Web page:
‘It was against this background that the recently concluded preliminary talks took place. In these discussions, it was made clear that the prospects for the commercial use of atomic energy are still a matter of the distant future. Despite this fact, the representatives of the three countries agreed that Belgium should take those steps best calculated to prepare her to make use of the advantages it is envisaged will stem from the Anglo-American obligations with respect to commercial applications of atomic energy when such applications become feasible. The American and British representatives expressed the willingness of their respective Governments to cooperate with the Belgian Government toward the formulation and fulfillment of such plans.

‘In discussing measures of assistance which could be taken most effectively at this time, the representatives of the three countries were guided, inter alia, by these considerations: [Page 536]

  • ‘(1) At this time, the military applications of atomic energy, toward which United States and United Kingdom efforts are primarily directed, are technically inseparable from developments which may have commercial uses in the future.
  • ‘(2) It is recognized that under the 1944 arrangement, Belgium will enjoy a special position at such time as the commercial use of atomic energy becomes feasible.

‘In view of these factors and in light of the considered judgment of technical experts, it was decided that the most valuable contribution the United States and the United Kingdom could make for the time being would be assistance directed toward the formation in Belgium of a well-trained corps of scientists and engineers familiar with nuclear physics and with other disciplines which are basic to nuclear technology. To this end, the American and British Governments have agreed to:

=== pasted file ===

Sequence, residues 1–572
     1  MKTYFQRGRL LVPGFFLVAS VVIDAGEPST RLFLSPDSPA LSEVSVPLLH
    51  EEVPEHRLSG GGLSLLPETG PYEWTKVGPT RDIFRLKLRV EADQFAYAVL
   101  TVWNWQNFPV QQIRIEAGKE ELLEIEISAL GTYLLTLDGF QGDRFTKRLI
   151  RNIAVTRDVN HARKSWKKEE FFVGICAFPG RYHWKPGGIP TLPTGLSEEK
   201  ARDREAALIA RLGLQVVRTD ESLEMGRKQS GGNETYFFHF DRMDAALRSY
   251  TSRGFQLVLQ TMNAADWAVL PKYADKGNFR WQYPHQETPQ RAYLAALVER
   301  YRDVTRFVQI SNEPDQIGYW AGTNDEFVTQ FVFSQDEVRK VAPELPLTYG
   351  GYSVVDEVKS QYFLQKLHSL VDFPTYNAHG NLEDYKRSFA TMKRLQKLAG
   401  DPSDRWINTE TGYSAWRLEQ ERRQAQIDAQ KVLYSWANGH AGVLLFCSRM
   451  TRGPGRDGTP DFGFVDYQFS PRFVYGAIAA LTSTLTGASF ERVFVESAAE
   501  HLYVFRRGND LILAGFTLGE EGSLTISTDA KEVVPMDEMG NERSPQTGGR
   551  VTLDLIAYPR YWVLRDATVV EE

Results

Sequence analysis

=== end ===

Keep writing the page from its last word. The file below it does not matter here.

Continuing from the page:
• ‘(a) Assist in placing selected Belgian students for advanced study and research in American and British universities;
  • ‘(b) Facilitate Belgian access to American and British declassified material;
  • ‘(c) Facilitate visits of selected Belgian scientists and engineers to unclassified work being carried out under the auspices of the United States Atomic Energy Commission and the British Ministry of Supply;
  • ‘(d) Assist Belgium to obtain certain equipment and materials needed for research in the scientific fields related to atomic energy;
  • ‘(e) Arrange for closer Belgian participation, as agreed upon from time to time, in the mutual exchange of technical information on the exploration, location, mining, processing and extraction of radioactive ores;
  • ‘(f) Arrange for closer consultation with Belgium concerning the distribution, as between the United States and the United Kingdom, to be made of any shipments from the Belgian Congo of such ores.

‘The three Governments have also agreed that to implement these measures, it would be desirable for the Belgian Government to add to its Embassy staffs in Washington and London officers with appropriate background and training in these scientific fields. These officers would maintain liaison between the official organization in Belgium responsible for the direction of atomic energy activities and the American Atomic Energy Commission and the British Ministry of Supply.